Federal judge questions Democrats’ effort to obtain Trump tax returns
A federal judge on Tuesday questioned a House committee’s pursuit of former President Trump’s tax returns.
During a hearing in a long-running lawsuit from the House Ways and Means Committee, U.S. District Judge Trevor McFadden appeared concerned about the prospect of allowing the panel to obtain Trump’s personal records.
During one exchange, he questioned the Biden administration’s Justice Department lawyer over the agency’s reversal in the case.
“If Congress changes hands in a couple years here and a Republican chairman of the Ways and Means Committee asks for Hunter Biden’s tax returns, are we just going to say, ‘Oh, sure. You know, we’ve got to defer to Congress. They’ve said they’re interested in legislating on presidential families, therefore we’ve got to turn them over’? Is that going to be the administration’s position?” McFadden said.
The judge indicated that he is also grappling with comments made by the committee’s chairman, Rep. Richard Neal (Mass.), and other Democrats about seeking the tax returns that suggest “there’s something else going on” other than a valid legislative purpose.
It’s unclear how McFadden, a Trump appointee, might rule in the case or whether he believes Democrats’ various political comments about the tax returns would outweigh any valid purpose for the request.
The case has moved slowly in the more than two years since the committee sued the IRS to obtain the tax returns in July 2019.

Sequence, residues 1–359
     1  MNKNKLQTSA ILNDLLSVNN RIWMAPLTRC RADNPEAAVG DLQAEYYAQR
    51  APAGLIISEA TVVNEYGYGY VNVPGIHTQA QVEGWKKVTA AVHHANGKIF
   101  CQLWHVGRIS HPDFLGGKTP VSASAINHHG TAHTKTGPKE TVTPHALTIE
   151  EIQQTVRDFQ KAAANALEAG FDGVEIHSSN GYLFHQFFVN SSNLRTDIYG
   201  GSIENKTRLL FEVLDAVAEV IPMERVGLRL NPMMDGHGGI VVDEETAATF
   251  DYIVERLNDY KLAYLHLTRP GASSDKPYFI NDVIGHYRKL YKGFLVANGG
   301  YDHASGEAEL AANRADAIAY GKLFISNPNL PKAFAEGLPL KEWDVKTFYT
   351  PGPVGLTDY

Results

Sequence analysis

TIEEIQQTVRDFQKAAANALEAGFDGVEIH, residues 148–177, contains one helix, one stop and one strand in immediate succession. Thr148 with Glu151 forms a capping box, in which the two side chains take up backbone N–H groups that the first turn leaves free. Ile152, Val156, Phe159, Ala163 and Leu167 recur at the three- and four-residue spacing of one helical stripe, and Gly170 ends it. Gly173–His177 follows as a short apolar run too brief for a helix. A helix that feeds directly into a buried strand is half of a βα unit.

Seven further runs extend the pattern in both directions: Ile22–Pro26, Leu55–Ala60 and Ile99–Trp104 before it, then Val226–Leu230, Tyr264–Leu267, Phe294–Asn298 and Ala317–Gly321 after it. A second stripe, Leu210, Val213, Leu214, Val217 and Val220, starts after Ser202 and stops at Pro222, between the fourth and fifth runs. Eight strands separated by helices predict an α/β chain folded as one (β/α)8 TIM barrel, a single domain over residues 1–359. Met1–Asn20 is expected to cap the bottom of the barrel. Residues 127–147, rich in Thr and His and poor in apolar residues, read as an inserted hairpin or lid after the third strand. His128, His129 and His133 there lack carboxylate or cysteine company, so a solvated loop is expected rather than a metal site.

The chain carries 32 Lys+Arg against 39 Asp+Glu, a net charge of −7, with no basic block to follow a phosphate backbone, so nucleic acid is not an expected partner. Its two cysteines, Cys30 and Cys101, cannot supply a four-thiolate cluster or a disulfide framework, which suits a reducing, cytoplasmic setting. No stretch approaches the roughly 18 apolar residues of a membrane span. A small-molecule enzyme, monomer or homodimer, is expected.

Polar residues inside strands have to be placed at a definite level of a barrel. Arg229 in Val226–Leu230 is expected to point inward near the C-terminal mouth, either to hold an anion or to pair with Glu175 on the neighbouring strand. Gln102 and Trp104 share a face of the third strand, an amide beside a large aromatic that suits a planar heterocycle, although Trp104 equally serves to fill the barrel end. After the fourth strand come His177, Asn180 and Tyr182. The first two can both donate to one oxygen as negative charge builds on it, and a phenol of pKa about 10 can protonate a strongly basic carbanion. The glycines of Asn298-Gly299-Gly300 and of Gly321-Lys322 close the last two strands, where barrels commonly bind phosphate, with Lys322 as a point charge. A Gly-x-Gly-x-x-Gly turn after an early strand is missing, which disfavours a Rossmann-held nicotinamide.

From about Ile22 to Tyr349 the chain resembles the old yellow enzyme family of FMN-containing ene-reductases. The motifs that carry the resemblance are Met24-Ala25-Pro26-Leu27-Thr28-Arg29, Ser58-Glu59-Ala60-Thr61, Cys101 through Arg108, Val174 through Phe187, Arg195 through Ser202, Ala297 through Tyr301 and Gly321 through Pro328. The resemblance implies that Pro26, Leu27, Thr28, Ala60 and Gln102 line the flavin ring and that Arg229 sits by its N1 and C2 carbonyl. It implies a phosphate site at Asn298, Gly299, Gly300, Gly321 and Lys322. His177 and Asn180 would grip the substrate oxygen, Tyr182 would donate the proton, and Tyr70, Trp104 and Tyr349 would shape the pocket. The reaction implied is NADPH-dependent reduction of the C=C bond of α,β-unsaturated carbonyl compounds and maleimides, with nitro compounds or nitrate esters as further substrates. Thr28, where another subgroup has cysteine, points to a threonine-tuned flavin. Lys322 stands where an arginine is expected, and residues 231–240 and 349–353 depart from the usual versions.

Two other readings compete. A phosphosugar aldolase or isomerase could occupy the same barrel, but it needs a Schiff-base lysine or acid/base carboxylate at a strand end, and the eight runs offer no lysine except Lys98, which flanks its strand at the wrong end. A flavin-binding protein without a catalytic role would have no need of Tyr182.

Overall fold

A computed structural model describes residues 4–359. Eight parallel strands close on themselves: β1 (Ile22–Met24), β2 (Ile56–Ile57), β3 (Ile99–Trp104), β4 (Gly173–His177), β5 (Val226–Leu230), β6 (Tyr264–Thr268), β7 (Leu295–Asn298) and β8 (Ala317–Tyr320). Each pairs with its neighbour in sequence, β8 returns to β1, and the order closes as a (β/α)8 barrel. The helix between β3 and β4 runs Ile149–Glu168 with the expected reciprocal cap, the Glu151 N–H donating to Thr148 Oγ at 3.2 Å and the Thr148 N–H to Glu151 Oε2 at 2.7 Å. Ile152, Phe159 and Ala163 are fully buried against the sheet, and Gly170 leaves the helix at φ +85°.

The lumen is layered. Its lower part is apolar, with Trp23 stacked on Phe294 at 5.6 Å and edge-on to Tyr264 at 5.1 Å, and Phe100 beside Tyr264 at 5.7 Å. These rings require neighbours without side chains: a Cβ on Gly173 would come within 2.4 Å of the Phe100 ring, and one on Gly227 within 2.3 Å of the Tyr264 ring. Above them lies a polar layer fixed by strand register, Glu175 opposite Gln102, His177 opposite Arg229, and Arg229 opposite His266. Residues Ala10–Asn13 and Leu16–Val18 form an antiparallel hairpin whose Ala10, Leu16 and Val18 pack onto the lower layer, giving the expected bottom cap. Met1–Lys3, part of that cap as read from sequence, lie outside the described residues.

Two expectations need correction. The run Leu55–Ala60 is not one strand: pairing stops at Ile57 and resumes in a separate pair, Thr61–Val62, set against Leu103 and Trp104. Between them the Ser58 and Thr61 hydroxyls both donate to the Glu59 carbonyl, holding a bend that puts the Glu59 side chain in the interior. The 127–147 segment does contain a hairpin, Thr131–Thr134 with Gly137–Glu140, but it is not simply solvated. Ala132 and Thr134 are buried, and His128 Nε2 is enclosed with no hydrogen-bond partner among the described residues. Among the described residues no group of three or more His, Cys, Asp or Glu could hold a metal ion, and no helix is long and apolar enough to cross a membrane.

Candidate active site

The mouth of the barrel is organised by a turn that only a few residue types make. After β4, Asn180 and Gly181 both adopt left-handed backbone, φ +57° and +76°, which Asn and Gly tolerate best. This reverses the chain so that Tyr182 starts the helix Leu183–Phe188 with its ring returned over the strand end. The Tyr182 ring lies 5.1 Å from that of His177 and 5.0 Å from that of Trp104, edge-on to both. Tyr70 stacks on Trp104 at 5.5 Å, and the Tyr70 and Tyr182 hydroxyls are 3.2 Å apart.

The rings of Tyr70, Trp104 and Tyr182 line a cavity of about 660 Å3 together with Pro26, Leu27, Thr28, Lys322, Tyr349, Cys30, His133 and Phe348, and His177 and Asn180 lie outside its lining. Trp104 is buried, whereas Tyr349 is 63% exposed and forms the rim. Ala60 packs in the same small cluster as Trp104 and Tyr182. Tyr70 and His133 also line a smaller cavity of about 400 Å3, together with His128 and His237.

The Justice Department reversed its court position this year, saying that the committee has the right to obtain the tax returns under a law that requires the IRS to provide such records to the Ways and Means Committee upon request.
Trump’s lawyers filed a new complaint in August seeking to block the Biden administration from complying with the committee’s request. They argue that the committee has no valid legislative purpose for the tax returns and that the request is intended only as an attack on the former president.
“The requests are tailored to, and in practical operation will affect, only President Trump,” the filing reads. “The requests single out President Trump because he is a Republican and a political opponent. They were made to retaliate against President Trump because of his policy positions, his political beliefs, and his protected speech, including the positions he took during the 2016 and 2020 campaigns.”
The committee has maintained that the tax returns are important because Trump’s “actions and statements raised unprecedented and serious concerns about his tax compliance and foreign entanglements and about the IRS’s ability to enforce the tax laws against him while President.”
“Compared to past Presidents, Mr. Trump’s returns appear to be inordinately large and complex, reflecting his sprawling domestic and international business activities, which raises the question of whether the IRS has the requisite resources and authority to examine such returns as effectively as needed for a President,” the committee’s lawyers said in a court filing last month.
“And he repeatedly attacked the IRS and its audits of him both while a Presidential candidate and while President, which raised the important question of whether IRS employees are properly protected from a President’s attempts to improperly influence its audits,” they added.
It’s unclear when McFadden might rule in the case. In the months since he left office, Trump has continued his various legal battles against congressional investigations into him and his administration.
On Nov. 30, a federal appeals court will hear oral arguments in the former president’s lawsuit seeking to block the House Jan. 6 select committee from obtaining extensive internal records from his White House.
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